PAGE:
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J Surg Educ. 2018 Mar - Apr;75(2):516-526. doi: 10.1016/j.jsurg.2017.08.015. Epub 2017 Aug 31.

Effect of Continuous Motion Parameter Feedback on Laparoscopic Simulation Training: A Prospective Randomized Controlled Trial on Skill Acquisition and Retention.

Author information

1
Department of General and Visceral Surgery, University Hospital Muenster, Muenster, Germany.
2
Department of General and Visceral Surgery, University Hospital Muenster, Muenster, Germany. Electronic address: emile.rijcken@ukmuenster.de.

Abstract

OBJECTIVE:

To investigate the effect of motion parameter feedback on laparoscopic basic skill acquisition and retention during a standardized box training curriculum.

DESIGN:

A Lap-X Hybrid laparoscopic simulator was designed to provide individual and continuous motion parameter feedback in a dry box trainer setting. In a prospective controlled trial, surgical novices were randomized into 2 groups (regular box group, n = 18, and Hybrid group, n = 18) to undergo an identical 5-day training program. In each group, 7 standardized tasks on laparoscopic basic skills were completed twice a day on 4 consecutive days in fixed pairs. Additionally, each participant performed a simulated standard laparoscopic cholecystectomy before (day 1) and after training (day 5) on a LAP Mentor II virtual reality (VR) trainer, allowing an independent control of skill progress in both groups. A follow-up assessment of skill retention was performed after 6 weeks with repetition of both the box tasks and VR cholecystectomy.

SETTING:

Muenster University Hospital Training Center, Muenster, Germany.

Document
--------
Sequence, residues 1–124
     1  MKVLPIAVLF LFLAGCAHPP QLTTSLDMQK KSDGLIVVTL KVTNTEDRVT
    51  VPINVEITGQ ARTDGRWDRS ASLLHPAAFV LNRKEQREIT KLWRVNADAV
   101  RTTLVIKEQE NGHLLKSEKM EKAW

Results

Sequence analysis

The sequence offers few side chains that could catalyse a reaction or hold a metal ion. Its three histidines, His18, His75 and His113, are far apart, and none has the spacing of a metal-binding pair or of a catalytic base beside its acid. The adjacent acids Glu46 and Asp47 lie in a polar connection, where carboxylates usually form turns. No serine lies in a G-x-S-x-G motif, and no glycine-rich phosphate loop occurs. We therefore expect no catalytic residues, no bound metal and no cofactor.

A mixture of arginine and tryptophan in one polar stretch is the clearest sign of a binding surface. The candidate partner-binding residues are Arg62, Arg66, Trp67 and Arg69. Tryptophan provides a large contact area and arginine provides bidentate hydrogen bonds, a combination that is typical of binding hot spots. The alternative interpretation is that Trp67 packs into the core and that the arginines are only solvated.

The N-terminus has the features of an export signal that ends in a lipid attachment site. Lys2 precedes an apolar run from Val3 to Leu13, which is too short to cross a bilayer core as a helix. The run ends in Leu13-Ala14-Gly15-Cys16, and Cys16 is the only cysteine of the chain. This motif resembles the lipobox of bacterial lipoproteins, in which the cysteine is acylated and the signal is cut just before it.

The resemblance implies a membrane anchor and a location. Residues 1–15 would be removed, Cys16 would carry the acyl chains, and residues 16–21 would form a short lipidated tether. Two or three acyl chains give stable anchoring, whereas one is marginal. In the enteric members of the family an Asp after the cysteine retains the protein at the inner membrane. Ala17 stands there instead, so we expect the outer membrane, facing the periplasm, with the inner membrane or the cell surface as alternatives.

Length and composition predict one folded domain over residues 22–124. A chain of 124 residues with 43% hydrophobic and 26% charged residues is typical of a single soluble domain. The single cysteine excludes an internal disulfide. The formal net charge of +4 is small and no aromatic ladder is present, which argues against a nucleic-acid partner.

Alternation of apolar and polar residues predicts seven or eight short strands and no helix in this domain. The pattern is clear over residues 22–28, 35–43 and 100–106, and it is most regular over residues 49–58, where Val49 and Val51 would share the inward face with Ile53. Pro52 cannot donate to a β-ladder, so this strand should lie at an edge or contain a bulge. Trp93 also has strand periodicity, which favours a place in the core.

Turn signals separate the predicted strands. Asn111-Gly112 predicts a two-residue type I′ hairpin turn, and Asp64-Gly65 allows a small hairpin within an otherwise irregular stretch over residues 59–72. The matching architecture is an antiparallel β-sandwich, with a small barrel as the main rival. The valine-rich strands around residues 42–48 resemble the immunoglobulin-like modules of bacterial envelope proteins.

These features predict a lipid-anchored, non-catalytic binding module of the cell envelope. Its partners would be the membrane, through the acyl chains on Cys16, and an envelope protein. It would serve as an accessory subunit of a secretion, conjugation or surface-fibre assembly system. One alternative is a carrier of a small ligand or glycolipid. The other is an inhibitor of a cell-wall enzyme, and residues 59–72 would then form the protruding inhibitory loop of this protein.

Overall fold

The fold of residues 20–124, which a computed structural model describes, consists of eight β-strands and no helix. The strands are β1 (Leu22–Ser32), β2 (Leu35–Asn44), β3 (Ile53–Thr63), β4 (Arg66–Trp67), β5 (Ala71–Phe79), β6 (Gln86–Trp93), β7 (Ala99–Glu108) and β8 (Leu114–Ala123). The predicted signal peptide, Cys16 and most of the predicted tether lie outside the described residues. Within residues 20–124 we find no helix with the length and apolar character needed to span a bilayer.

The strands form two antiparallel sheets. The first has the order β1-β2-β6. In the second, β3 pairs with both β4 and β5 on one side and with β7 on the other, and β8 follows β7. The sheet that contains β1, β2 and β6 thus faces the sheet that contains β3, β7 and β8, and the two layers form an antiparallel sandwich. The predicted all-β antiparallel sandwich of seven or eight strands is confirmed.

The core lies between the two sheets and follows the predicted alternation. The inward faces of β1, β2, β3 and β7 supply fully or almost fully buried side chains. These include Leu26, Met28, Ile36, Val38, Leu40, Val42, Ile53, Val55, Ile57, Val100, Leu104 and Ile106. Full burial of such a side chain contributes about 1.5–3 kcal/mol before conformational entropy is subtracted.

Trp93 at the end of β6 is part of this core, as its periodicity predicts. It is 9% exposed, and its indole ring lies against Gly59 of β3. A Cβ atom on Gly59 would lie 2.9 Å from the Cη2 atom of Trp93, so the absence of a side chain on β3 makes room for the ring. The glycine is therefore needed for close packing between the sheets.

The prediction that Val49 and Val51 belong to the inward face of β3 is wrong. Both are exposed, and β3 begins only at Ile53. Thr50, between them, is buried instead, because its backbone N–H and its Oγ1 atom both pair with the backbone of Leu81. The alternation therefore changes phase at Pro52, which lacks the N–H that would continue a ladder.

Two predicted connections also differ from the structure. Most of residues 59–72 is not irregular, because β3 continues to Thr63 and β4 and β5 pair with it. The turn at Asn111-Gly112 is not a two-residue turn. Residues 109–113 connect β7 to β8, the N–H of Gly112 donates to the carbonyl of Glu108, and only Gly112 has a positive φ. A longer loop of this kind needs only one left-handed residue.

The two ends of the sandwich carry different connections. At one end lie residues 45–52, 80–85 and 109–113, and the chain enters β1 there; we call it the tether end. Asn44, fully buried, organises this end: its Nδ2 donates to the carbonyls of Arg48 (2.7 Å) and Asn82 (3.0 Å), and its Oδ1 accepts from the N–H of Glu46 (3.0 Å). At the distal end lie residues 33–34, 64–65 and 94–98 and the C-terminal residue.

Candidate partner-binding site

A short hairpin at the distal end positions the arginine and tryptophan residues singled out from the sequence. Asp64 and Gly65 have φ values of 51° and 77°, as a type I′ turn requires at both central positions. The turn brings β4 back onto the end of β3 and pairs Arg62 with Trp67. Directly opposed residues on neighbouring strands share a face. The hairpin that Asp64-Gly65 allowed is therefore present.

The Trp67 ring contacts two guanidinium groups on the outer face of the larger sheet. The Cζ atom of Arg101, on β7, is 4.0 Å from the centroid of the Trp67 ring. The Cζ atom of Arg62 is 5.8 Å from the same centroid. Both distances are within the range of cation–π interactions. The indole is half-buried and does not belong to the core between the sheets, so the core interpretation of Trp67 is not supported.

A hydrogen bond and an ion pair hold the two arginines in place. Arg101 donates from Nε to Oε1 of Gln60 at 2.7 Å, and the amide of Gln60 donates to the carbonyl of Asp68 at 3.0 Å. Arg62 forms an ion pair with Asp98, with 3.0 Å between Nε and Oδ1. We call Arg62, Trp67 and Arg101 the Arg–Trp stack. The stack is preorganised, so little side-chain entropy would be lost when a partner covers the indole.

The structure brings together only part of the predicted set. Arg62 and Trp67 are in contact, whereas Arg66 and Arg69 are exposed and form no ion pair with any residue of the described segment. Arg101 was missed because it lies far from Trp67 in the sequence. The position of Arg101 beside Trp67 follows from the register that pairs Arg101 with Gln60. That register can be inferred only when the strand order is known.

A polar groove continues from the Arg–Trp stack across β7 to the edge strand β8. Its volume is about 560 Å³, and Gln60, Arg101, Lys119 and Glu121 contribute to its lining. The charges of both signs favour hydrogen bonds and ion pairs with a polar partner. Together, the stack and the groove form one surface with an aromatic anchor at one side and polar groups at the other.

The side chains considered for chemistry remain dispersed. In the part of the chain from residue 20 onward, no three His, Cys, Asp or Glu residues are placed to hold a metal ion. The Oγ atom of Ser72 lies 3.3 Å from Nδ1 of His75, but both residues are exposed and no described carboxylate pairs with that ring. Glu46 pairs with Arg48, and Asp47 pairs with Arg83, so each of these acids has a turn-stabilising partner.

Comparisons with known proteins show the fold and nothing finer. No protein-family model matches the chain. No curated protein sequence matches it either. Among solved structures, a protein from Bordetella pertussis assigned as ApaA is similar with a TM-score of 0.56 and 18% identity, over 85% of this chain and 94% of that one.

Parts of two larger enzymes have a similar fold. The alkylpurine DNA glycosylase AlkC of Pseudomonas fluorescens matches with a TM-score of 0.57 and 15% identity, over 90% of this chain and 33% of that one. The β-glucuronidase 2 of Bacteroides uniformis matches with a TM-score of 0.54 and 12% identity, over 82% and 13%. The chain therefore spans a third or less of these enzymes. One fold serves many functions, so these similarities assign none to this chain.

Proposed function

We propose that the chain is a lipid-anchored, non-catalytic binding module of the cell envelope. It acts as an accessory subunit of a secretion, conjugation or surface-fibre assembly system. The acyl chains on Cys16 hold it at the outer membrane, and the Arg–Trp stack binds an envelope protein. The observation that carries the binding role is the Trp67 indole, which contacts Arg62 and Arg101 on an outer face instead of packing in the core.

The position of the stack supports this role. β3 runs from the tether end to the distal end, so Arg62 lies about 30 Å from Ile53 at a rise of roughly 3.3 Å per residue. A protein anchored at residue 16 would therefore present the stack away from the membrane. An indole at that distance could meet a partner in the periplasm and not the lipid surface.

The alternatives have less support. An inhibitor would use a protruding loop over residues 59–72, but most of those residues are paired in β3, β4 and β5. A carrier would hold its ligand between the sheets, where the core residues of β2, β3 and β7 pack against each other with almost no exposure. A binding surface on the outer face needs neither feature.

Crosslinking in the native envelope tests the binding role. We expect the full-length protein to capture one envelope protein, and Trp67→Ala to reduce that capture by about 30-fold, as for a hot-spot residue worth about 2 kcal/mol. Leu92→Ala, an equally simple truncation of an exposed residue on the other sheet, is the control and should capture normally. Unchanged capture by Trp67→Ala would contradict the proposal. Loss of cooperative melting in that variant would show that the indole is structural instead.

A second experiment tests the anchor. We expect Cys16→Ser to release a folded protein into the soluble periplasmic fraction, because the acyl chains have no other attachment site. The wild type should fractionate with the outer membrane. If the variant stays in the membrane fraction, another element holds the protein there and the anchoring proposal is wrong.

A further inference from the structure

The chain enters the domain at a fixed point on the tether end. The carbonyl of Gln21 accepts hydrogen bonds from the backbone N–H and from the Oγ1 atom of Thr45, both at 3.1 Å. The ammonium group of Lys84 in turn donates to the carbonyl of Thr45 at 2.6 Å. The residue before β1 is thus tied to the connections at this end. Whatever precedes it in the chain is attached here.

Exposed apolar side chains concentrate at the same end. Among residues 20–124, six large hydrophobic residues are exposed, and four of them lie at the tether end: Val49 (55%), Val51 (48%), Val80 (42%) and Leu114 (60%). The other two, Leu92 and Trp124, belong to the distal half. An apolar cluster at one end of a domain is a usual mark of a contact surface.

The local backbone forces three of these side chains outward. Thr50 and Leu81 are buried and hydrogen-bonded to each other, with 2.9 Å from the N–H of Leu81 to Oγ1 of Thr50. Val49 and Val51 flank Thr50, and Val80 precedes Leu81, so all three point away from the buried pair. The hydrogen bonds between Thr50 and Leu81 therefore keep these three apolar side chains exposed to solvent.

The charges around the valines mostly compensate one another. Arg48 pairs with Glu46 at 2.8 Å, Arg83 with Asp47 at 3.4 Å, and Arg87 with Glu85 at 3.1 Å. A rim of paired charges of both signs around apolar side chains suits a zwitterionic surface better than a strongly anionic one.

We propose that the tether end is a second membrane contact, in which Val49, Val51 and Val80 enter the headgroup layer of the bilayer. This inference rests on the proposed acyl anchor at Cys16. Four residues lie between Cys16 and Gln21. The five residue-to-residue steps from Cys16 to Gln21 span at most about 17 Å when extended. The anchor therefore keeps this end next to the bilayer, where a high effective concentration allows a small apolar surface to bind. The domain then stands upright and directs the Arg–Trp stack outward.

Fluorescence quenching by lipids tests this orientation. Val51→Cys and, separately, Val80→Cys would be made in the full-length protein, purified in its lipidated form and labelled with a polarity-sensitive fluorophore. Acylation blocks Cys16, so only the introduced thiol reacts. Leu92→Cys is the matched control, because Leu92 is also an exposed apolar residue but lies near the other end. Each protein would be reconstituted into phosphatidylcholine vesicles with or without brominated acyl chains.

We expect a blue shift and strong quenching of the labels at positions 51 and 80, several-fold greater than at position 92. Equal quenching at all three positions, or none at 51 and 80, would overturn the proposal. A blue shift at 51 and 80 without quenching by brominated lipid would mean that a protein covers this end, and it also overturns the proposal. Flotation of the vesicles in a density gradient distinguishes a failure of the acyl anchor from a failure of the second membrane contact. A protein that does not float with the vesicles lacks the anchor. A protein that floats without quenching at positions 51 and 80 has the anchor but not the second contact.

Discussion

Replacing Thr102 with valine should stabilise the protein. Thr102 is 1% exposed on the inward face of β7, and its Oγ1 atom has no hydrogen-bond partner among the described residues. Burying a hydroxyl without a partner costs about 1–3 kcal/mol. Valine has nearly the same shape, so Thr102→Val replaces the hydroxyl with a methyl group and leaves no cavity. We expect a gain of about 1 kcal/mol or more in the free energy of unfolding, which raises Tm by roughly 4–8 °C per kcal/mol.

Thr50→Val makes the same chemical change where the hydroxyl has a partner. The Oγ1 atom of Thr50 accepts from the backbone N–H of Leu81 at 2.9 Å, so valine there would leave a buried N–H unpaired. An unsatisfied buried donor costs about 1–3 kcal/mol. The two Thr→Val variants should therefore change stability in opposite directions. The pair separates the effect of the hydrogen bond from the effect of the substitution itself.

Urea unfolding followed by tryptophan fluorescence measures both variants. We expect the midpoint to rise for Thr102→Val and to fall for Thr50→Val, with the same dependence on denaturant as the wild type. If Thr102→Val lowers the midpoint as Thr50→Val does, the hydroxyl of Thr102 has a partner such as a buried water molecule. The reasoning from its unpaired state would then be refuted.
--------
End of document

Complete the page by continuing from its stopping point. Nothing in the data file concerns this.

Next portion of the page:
PARTICIPANTS:

Medical students without previous surgical experience.

RESULTS:

Laparoscopic skills in both groups improved significantly during the training period, measured by the overall task performance time. The 6 week follow-up showed comparable skill retention in both groups. Evaluation of the VR cholecystectomies demonstrated significant decrease of operation time (p < 0.01), path length of the left and right instrument, and the number of movements of the left and right instruments for the Hybrid group (all p < 0.001), compared to the box group. Similar results were found at the assessment of skill retention.

CONCLUSION:

Simulation training on both trainers enables reliable acquisition of laparoscopic basic skills. Furthermore, individual and continuous motion feedback improves laparoscopic skill enhancement significantly in several aspects. Thus, training systems with feedback of motion parameters should be considered to achieve long-term improvement of motion economy among surgical trainees.

KEYWORDS:

Practice-Based Learning and Improvement; Systems-Based Practice; laparoscopy; motion feedback; motion parameters; simulation training; skill acquisition; surgical skills

PMID:
28864265
DOI:
10.1016/j.jsurg.2017.08.015
[Indexed for MEDLINE]

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